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Activists: Mexican Who Sought Refuge in U.S. Church Detained

Hernandez spent nine months living in the basement of Denver's First Unitarian Church
By The News · 26 of April 2017 18:32:42
Arturo Hernandez stands in his one-room basement dwelling in Denver, In thisNov. 21, 2014, file photo, Arturo Hernandez stands in his one-room basement dwelling in Denver. photo: AP/P. Solomon Banda, File, photo: AP/P. Solomon Banda, File

DENVER – A Mexican man who once sought sanctuary from deportation in a Colorado church was detained by federal immigration agents Wednesday morning as he went to a job site to install tile, activists who support his effort to stay in the U.S. said Wednesday.

Arturo Hernandez has a daughter who is a U.S. citizen and a second protected from deportation under an Obama administration program for people brought to the country illegally as children. His detention comes as the Trump administration charts a more aggressive approach to deportation than its predecessor.

Hernandez spent nine months living in the basement of Denver’s First Unitarian Church starting in October of 2014 after the Obama administration tried to deport him.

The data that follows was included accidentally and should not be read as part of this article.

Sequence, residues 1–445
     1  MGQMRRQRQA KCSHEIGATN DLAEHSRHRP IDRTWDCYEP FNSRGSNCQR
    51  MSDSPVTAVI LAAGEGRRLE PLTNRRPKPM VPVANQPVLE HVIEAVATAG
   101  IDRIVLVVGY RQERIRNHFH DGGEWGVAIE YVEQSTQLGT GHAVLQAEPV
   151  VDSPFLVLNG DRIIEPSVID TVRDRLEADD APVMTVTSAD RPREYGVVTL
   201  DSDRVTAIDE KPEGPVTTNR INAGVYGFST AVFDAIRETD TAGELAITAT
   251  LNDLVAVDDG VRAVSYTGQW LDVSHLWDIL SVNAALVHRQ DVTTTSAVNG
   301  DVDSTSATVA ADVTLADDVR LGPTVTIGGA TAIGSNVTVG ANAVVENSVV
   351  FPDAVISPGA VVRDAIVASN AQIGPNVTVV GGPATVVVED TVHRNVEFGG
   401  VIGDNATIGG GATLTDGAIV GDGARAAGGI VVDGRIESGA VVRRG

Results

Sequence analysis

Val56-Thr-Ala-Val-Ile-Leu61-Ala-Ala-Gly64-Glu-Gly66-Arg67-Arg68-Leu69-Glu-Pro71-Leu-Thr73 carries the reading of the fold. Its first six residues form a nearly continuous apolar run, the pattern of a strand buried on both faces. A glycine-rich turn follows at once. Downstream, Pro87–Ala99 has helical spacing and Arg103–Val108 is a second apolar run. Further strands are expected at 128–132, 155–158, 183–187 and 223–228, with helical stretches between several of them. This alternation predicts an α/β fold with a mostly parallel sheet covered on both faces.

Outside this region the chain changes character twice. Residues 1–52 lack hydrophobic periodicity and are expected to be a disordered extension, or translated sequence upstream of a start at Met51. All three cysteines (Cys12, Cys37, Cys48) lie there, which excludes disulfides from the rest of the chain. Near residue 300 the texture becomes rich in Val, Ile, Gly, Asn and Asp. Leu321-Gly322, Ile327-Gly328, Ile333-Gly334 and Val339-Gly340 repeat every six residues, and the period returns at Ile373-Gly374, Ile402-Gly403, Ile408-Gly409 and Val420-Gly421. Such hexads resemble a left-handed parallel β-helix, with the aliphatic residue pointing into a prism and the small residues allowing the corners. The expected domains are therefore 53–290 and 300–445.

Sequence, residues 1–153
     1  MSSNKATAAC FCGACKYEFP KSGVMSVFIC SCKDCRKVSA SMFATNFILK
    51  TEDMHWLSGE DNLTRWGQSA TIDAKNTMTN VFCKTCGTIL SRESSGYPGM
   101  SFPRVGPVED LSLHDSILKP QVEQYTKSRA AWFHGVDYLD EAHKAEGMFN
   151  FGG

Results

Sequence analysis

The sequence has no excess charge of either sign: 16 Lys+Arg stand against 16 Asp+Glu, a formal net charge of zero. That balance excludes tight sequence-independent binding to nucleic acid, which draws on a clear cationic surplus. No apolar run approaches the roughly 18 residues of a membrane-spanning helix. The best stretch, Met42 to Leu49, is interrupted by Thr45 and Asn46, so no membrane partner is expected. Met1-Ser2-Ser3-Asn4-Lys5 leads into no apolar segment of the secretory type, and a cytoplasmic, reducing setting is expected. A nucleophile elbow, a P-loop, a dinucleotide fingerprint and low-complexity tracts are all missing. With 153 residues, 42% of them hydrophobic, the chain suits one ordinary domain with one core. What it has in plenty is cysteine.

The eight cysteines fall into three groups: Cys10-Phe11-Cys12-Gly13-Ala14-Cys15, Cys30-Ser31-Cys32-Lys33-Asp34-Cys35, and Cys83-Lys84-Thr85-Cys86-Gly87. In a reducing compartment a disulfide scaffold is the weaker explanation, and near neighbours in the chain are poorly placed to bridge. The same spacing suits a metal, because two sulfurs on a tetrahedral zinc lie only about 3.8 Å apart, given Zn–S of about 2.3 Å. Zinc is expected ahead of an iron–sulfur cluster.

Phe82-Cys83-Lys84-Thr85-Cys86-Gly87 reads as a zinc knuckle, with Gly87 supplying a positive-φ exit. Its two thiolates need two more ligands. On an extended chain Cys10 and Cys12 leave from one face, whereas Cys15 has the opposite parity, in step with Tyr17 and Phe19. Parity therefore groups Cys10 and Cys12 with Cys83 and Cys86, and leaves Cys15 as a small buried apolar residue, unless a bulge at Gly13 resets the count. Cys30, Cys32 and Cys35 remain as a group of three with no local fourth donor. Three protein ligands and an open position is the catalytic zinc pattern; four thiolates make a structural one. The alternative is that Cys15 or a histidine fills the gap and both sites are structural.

He had come to attention of immigration agents after being charged with assault for a workplace incident, even though he was acquitted at trial of criminal wrongdoing. Hernandez left the church and resumed working after the Obama administration assured him his case would no longer be a deportation priority.

Gabriela Flora of the American Friends Service Committee (AFSC) said Hernandez’s brother saw Immigration and Customs Enforcement agents detain Hernandez when he arrived at a warehouse to pick up tile for a job.

“They have terminated the priorities they use to have and the administration has said that anyone here without proper documents is deportable, and that’s not good for our community,” Flora said. “He, like so many people, is a father, a dedicated member of the community.”

U.S. Immigration and Customs Enforcement (ICE) spokesman Carl Rusnok declined to comment on the case.

Hernandez, his wife and their then three-month-old daughter came legally from Mexico to the U.S. on a visa in 1999. They opted to stay past the visa’s expiration. Hernandez’s oldest daughter is now scheduled to graduate from high school next month. His youngest was born in the United States and is a citizen.

Another immigrant in the country illegally, Jeanette Vizguerra, is currently seeking refuge from deportation in the same Denver church basement. She was recently named one of Time Magazine’s 100 most influential people of the year.